Pre-point stars for the Sacramento, Calif. region
Pre-point stars for the Phoenix, AZ region
Pre-point stars for the Monterrey, N.L., Mexico region
Instructions and annotated charts to Pre-Point your scope
ZIP file for charts below
================
Prepoint charts for tonight’s (363) Padua occultation of 14 Cancri

On Sunday May 10th, at 10:16 pm MST, the asteroid (363) Padua will occult the 5.7-magnitude star 14 Cancri for likely less than 4 seconds for all throughout the greater Phoenix and Tucson areas. Many details of the event, including path maps and detailed charts, with labeled versions, to locate the target star directly are on the special page for the event at http://www.occultationpages.com/events/20200511_363_Padua.html . The idea of pre-pointing for the occultation was discussed in my May 5th message:

“For many, just going directly to the target star and tracking it should work fine. 76 Geminorum, close to Pollux, provides a good pre-point opportunity 26 minutes before the occultation, and 3rd-mag. Mebsuta provides on an hour before that. But if your scope has a narrow field of view, you will need to use fainter stars near those bright stars, to pre-point your telescope accurately enough; the charts we will post later [now] will allow you to do that.”

The basic idea of prepointing is to point your telescope at the direction (altitude and azimuth) that the occultation will occur, then don’t move the telescope (turn off all tracking). Then the Earth’s rotation will carry the target star near the center of your telescope’s field of view at the time of the occultation. As long as your telescope field of view (FOV) is wide enough that it takes a star at least 30 seconds to drift across it when not tracking (that’s the case for all but the very largest, longest focal-length telescopes), then you can use the pre-point method. Just point your telescope at the prepoint line of declination shown on the charts, at the time indicated with the tick-marks along them, and your scope will then be prepointed. Another value of pre-pointing is that if you can see the pre-point line with your scope at the right time, then the view of the target will not be obstructed by trees or buildings. That can even be done naked-eye; if you can see Pollux at 9:50 pm MST (or specifically, the area a few deg. to the left of it), you can observe the occultation at that place.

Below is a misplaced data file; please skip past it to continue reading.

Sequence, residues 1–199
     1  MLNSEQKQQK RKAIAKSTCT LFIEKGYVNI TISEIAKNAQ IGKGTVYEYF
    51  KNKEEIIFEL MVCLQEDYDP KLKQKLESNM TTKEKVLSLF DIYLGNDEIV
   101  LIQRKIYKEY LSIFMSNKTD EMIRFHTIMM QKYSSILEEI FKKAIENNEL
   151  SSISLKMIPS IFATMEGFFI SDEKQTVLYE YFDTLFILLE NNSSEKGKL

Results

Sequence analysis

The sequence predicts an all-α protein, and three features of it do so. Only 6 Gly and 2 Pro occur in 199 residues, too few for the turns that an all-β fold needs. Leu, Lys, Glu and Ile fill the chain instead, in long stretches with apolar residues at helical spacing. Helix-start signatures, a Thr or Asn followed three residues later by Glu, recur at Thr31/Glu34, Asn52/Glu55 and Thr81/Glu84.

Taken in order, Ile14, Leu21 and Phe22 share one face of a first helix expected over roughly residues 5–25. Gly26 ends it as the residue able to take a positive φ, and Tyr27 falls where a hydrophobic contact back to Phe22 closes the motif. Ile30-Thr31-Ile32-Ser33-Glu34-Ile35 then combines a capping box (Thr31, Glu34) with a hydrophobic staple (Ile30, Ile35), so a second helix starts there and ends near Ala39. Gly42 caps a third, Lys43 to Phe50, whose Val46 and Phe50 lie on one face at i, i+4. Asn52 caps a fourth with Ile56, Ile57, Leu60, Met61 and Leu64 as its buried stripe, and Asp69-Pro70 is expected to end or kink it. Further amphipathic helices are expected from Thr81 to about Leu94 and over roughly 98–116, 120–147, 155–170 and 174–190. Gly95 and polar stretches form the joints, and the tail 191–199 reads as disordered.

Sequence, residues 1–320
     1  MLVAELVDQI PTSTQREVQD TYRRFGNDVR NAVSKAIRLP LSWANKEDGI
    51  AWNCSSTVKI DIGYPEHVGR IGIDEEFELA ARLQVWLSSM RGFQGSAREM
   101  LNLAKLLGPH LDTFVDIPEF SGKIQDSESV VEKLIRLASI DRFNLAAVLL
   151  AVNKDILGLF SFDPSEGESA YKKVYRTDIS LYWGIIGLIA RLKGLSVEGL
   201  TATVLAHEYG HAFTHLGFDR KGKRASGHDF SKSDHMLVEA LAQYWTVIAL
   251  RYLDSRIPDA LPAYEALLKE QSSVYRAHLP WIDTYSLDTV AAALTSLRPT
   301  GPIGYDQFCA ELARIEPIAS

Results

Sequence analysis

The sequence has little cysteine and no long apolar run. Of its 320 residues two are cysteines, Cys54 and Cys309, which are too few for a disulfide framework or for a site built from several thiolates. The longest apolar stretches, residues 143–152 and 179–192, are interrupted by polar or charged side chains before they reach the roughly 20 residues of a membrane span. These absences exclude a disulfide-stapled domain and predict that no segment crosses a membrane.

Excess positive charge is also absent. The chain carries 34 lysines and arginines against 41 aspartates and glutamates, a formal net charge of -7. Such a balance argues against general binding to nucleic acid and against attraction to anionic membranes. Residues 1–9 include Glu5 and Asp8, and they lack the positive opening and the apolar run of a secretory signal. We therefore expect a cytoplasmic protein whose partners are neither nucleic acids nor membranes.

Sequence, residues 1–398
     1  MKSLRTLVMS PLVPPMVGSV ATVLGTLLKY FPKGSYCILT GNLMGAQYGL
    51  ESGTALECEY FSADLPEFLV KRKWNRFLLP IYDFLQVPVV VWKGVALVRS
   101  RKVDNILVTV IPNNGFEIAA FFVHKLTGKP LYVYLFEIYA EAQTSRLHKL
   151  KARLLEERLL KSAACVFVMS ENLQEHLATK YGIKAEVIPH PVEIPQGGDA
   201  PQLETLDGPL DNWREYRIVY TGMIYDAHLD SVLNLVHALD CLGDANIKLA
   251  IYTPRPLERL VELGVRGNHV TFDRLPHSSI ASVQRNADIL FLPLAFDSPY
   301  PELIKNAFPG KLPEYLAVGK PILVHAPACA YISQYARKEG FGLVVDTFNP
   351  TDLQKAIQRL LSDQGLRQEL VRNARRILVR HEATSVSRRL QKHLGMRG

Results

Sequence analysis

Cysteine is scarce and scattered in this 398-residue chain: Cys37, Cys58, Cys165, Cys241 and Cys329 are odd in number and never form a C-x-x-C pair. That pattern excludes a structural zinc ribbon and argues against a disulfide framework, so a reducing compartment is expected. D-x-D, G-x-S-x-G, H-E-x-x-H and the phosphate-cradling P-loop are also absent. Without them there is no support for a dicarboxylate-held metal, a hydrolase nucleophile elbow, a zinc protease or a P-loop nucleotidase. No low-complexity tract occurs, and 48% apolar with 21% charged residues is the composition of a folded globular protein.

The pre-point line drawn on the charts goes back 2.5 hours since any earlier than that, the sky will be too bright to observe the fainter stars, at least in Arizona (around Monterrey, Mexico, they could observe almost an hour earlier). The prepoint charts are prepared for the Phoenix region, but since the motion of the occultation shadow is so fast, they can be used for other places along the path, with the time corrections given below:

                                            Occultation             Time correction,
Area                                    Universal Time      seconds
Sacramento, Calif              5:15:55                   -25
s.w. Las Vegas, Nev          5:16:10                   -10
Phoenix, Ariz.                    5:16:20                     0
Tucson, Ariz.                      5:16:23                   +3
Monterrey, N.L.                  5:16:43                   +23

If you use a mighty mini, the drift-through time is 10 minutes, so the corrections above are negligible. Even for large telescopes with relatively small FOV’s, the correction for Tucson is negligible as the event duration, and time uncertainty, are about the same size.

A list of prepoint times and declination offsets for stars to mag. 10.0 near the path are here for the Phoenix region; it can also be used for Tucson (for them, add 3s to the times): ST363PHX.TXT
A similar list for the Sacramento, Calif. area is here:  ST363SMF.TXT
And one for Monterrey, N.L., Mexico is here: ST363MTY.TXT.
These lists include stars to mag. 10.0 within 5.0 arc minutes of the prepoint line, and stars brighter than mag. 6.0 out to about 30 arc minutes from the line.

The level 4 prepoint charts for Runcam mighty mini’s, in chronological order from earliest to last, are 4-1Padua.jpg, 4-2Padua.jpg, and 4ppPadua.jpg, in this .zip file. Venus is near the bottom left of 4-1Padua.jpg, just below 1.6-mag. El Nath.

The level 5 prepoint charts for small refractor systems (like 80mm “midi”s, but can be used with 120mm “maxi’s” that have smaller FOV’s, are, from earliest to last, are 5-1Padua.jpg, 5-2Padua.jpg, 5-3Padua.jpg, and 5ppPadua.jpg (which has the maxi FOV rather than midi), in this .zip file.

I don’t give pre-point charts for narrow FOV scopes like 8-in. SCT’s (too many of them) except for the 3 best pre-point opportunities, near Mekbuda, 76 Geminorum (76 Gem), and 2 Cancri. They are shown in the labeled-charts .pdf file, and in these unlabeled versions: 7PaduaMekbuda.jpg, 7Padua76Gem.jpg, and 7Padua2Cnc.jpg, in this .zip file.

The key prepoint charts are labeled in this .pdf file. PrepointCharts20200511Padua.pdf

Good luck with your observations - hope the clouds clear away, or at least are thin enough, for your observations!

David Dunham